We all know taking a normal class and surviving it can be difficult. But to factor in a course that is bizarre in comparison is like reaching a whole other level – a level that few have ever had the pleasure of reaching and succeeding. I find that I must share my own unique experience with a strange course that I am currently taking right now: Fantasy and Science Fiction Literature with Laura Rutland.

I would highly recommend the class if you personally enjoy nerding out over any form of science fiction or fantasy literature. You are probably wondering why I consider it strange, and I’ll come right out and state that it’s my fellow peers who give it this brand. There is a wide array of personalities, and each brings a unique perspective to the class. Whether its calling Frodo’s character (of The Lord of the Rings) a “turd” in the novel or completely fangirling over being able to freely discuss Harry Potter without judgement, all are openly welcome.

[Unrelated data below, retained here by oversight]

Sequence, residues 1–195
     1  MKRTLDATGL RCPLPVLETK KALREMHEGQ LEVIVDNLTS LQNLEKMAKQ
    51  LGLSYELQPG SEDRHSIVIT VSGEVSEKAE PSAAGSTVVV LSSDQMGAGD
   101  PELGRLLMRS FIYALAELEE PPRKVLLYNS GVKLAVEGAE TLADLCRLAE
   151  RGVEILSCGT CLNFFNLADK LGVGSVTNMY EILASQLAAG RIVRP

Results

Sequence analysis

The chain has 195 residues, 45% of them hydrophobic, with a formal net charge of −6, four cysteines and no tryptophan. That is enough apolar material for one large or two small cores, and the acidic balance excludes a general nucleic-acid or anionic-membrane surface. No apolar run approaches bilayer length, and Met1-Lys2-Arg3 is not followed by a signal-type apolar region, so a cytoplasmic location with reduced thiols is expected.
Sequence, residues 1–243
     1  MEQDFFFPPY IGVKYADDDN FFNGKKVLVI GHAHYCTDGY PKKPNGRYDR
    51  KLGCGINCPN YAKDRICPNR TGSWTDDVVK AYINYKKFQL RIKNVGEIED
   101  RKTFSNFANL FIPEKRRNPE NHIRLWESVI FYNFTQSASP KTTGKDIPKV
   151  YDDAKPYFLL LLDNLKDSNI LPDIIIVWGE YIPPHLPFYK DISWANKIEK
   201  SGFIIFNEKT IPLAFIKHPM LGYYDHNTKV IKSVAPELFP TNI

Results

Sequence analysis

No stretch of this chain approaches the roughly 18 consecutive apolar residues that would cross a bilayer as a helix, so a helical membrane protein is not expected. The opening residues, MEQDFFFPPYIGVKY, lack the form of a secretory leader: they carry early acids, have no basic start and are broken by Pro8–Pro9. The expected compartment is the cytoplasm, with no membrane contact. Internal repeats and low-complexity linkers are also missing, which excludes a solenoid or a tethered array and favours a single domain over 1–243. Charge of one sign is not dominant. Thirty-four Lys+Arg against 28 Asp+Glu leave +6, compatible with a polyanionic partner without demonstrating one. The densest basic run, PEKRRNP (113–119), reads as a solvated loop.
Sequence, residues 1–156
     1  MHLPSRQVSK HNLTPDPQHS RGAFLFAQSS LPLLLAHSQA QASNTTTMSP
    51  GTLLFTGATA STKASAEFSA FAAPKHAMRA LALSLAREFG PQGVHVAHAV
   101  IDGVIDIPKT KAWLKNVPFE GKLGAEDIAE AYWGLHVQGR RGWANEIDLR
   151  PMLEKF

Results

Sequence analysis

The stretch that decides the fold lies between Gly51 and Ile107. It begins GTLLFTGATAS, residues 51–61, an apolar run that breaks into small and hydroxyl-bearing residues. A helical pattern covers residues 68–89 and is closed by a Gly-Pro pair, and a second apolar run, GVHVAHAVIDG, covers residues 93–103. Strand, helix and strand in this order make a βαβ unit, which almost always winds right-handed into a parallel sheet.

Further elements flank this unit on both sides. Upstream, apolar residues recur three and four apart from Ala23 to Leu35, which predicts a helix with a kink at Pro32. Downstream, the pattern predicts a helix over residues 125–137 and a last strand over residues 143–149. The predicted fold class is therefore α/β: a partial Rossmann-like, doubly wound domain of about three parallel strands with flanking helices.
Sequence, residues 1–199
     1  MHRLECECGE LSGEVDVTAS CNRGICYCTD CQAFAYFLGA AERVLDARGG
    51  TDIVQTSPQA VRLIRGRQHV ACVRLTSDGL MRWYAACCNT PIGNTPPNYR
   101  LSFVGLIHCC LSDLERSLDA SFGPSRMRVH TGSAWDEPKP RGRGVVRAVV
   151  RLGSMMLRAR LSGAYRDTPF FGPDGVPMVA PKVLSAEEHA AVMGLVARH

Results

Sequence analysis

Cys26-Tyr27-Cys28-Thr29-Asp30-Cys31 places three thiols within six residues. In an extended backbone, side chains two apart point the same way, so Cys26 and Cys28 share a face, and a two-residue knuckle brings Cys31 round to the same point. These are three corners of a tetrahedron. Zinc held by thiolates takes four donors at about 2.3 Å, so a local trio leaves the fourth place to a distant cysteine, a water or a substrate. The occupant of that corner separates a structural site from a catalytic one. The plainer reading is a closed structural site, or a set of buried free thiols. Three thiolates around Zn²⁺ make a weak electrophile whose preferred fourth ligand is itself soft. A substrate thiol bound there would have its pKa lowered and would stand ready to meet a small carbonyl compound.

Upon asking my roommate Krima Patel, a Sports and Exercise/Pre PT major, what her strangest course was out of curiosity, she quickly and without hesitation answered Sacred Scripture with Sister Healy. Looking flabbergasted, I pressed her on the subject.

“It is odd learning about the Bible when you’re an Indian who has only ever known the Bhagvad/Geeta,” she explained. For those unaware, the Bhagvad/Geeta is a complete reflection on how the many Gods came to this earth along with the achievement of various religious traditions.

Hearing her story, I sympathized. Coming to America as an international student can be a cultural shock in itself, and then add taking a class regarding another country’s religion. Learning about another religion can be ridiculously complex and uncanny.

Still curious, I asked yet another friend what her strangest class was that she had taken at Gannon.  Mikayla Shemansky, a sophomore criminal justice major responded with Sociology with Professor Stadler.

“He makes the class fun and entertaining, not to mention he roasts the High School students in good fun,” she explained before I even had the chance to ask.

Hearing her stories about the class, I could see why it was strange. Most courses at Gannon are typically structured like any normal university’s would be, but every now and again, there are exceptions. Whether it’s the students, the teacher, or the content that makes a class strange, I recommend embracing it – not every class you have to take will be as interesting.